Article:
• High ISO performance: The day's best light is during dawn and dusk - low light periods. Because of this, low light performance is very important. Capturing a sharp image of moving animal in low light conditions requires the photographer to use fast shutter speeds, and producing a properly exposed photo in these circumstances requires use of high ISOs. All camera bodies are not created equal in high ISO performance. Older and lower-end camera bodies produce garishly grainy images at higher ISOs while newer and higher-end bodies will produce much cleaner and more appealing images. I recommend you read reviews and tests of the cameras you are considering to determine where they fall in this spectrum and place a high level of importance on this factor as you make a purchase decision.

  • Frame rate: This refers to how many frames per second (FPS) a camera is capable of shooting. To give you a general idea, Nikon's flagship D4 is capable of shooting a blazing 10 FPS while Nikon's D800 only shoots 4 FPS. As many of us have heard running the motor drive (spray and pray) is not the best way to capture a world class image, and it is a great way to blast through batteries and memory cards. But, in certain circumstances (i.e., a running cheetah, lion taking down a gazelle, bird in flight) it is a necessary means to capturing 'the moment'. This is yet another case in which high end bodies typically out-do lower-end bodies - but not always. High resolution bodies (the 36MP D800) require more buffer to write large files to the card and, therefore, cannot shoot as fast as their lower-resolution counterparts. Having a camera body capable of shooting high frame rates can be the difference between capturing 'the moment' or the scene just before and after it.

 

  • Dynamic range: This is a measurement of the light intensities, from the darkest shadows to the brightest highlights, that a camera is capable of rendering detail within a single frame (no, I'm not referring to HDR photography). Camera's are not capable of capturing high contrast scenes as our eyes see them, and I'm sure you've been frustrated when a beautiful sunset didn't look nearly as good in the camera as it did when you looked out on it with your own eyes. Significant advances in cameras' dynamic range have been made in recent years but some cameras still have an edge. DXOmark performs excellent in-depth testing of camera bodies, including dynamic range, and I suggest you take a look at the research they've done when making your decision.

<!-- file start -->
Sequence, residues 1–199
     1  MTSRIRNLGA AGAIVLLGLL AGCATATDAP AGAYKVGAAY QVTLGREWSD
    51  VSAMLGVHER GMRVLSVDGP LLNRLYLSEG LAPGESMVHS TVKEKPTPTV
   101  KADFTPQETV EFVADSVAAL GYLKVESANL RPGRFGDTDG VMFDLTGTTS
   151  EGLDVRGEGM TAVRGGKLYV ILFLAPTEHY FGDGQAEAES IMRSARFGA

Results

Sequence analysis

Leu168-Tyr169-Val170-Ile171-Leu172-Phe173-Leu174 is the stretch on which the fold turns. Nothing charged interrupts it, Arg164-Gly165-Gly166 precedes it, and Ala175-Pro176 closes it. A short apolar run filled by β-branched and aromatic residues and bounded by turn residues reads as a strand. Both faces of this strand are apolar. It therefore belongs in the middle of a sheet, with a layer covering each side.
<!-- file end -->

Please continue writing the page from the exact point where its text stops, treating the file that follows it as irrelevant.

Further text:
• Vertical orientation: Shooting in the vertical, or portrait, orientation for long periods of time with a standard camera can strain the wrist and make your shooting experience altogether less enjoyable. Many pro bodies, like the Nikon D3 or D4, have a built in vertical grip with secondary controls and shutter release that allows the photographer to roll the camera over to portrait mode and continue shooting without wrenching your arm and wrist into an uncomfortable position. But if a body of this caliber is not in your budget battery grips, which add the same functionality and extended battery life, are available for nearly all modern DSLRs out there.

 

  • Resolution: This is the most commonly talked about metric among camera bodies and, realistically, one of the least important ones. Nearly all modern digital cameras are plenty capable of producing nice prints at 18x24 or even larger. The Nikon D3s - a heralded sports and action camera used by many top professionals (and yours truly) - is a 12MP body that produces stunning results. Truthfully, anything above 12MP will cut it, as long as you put good glass in front of it. One of the only reasons to spring for a higher resolution camera body is cropability (is that a word?); a 36MP image can be cropped heavily and still result in an image containing more than 16MP of data.

 

  • Form factor: Mirrorless cameras have been gaining a lot of ground recently, but this point comes in at the bottom of the list because the autofocus capabilities of mirrorless systems are far inferior to those of DSLRs which essentially rules them out for wildlife photography in which fast autofocus is key. If you have a mirrorless camera and don't want to shell out for a DSLR and the accompanying lenses, it will do the job. But even a low-end DSLR will far outpace a high-end mirrorless body in autofocus.